Sunday, 10 August 2008

Busy, Busy, Busy

It’s been lots of work here on the farm. The ploughing is slowly progressing. On the whole it looks good but there are large patches where the plough just skims the surface, which roughly corresponds to the damp/clay areas.

The weekend was forecast dry with Sunday being 30°C, ideal for haymaking now that the hay cutter had been repaired. So Saturday dawned and I waited for the dew to dry and went to set up the cutter. It wouldn’t lift the cutters plus the hydraulic connection was leaking. G came out to have a look and see if anything was moving at all when I operated the hydraulics. The ram had opened to the full extent but the chain was still loose – not right as the repaired chain had only had a link changed. While looking at the cutter G said, “what’s that for’? He was pointing at pulley, a pulley that really should have had a chain wrapped round it but didn’t.

We then proceeded to spend the next few hours taking the mechanism apart, and putting it back together correctly. It took a couple of goes, partially because we didn’t have the right tools and partly because it was trial and error until we got the adjustment right.

Eventually we were successful. I stood in awe of G’s strength when he heaved the cutters off the floor so we could get some working slack in the chain; something I would never have been able to do by myself.

It was now well into the afternoon so I didn’t finish cutting until after it was dark.

Sunday was warm and bright and I was able to set down the hay cutter without breaking the chain this time. I then filled the tractor with fuel and went to hitch on the tedder. It didn’t take too long to attach the side arms and adjust the lift arm and attach it so all that was left was the drive shaft to the PTO. Would it go on, would it h**k; I squeezed the release catch, I pushed the universal joint but it just wouldn’t lock on. Eventually I got G out – his treat for the week was a lie-in, but even he couldn’t’ get it on. Eventually I got the lump hammer and a piece of wood; G held the release catch and I applied the persuasion – it worked.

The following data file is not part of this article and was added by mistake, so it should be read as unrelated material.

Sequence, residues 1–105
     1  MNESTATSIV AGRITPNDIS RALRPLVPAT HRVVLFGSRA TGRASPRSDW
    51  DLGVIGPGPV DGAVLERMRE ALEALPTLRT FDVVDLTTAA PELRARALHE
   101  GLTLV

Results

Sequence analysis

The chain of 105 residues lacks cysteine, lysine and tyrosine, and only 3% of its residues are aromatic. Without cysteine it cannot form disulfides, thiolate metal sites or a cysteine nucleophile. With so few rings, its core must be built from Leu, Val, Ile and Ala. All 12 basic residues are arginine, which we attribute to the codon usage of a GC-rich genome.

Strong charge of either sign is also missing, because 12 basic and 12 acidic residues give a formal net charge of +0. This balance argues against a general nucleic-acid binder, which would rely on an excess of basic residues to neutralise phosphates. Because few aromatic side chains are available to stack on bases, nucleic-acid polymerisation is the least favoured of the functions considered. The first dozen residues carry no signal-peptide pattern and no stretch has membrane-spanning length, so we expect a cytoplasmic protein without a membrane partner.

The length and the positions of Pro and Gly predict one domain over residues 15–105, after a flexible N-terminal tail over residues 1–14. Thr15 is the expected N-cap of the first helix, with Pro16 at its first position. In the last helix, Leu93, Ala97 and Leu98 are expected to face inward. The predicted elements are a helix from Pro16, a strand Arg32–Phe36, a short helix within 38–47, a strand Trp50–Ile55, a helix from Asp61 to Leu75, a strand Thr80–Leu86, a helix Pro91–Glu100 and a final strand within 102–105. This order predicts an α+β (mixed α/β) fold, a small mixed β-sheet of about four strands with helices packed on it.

OK so I was running about an hour late but I thought there would still be time so I started on turning the grass. What I was expecting to take about an hour took nearly 4.

I remember the neighbour who cut the hay last year mention something about it being ‘mur’ (better). Turns out it was my lack of understanding his accent; he was talking about ‘mure’ (blackberries). There were long strands of blackberries running through the grass and these tendrils wound themselves tightly round the tedder until it was completely jammed. This of course happened when I was as far away from the house as I can be on the farm and no I didn’t have my knife.

This happened a couple more times although I stopped before the tedder was anywhere as completely jammed as the first time.

I didn’t have my camera during the first pass but took this picture when I went down to do the second pass. It shows a bit of the problem although this was nowhere near enough to jam the machine and only took a few minutes to pull clear.

I finally finished the first pass with the tedder around the time I was expecting to start the second pass after leaving the grass for an hour or so to dry.

I did get another pass in but the grass still has some wet leaves in it so baling wasn’t possible. I now have to hope that the forecast for tomorrow is wrong and that we don’t have rain but I think I will be drying the grass starting Wednesday and hopefully baling by Friday.

One hay field.


Georgina said...

God Deborah, thank god you finally got your hay cut. Have you square bailed it? Debs x

dND said...

Hi Debs,

It was to wet to bale yesterday and far to wet now! Hopefully I can dry it out on Wednesday and Thursday and then get it baled. It will be square baled - so much easier for me to handle

aims said...

I remember my father cutting hay and how much trouble his tractor and equipment always was. Why is that?

Thankfully I found out how allergic to hay I am and managed to only have to turn the hay - not throw it around. A couple of asthma attacks was what it took to convince my father I couldn't be of much help.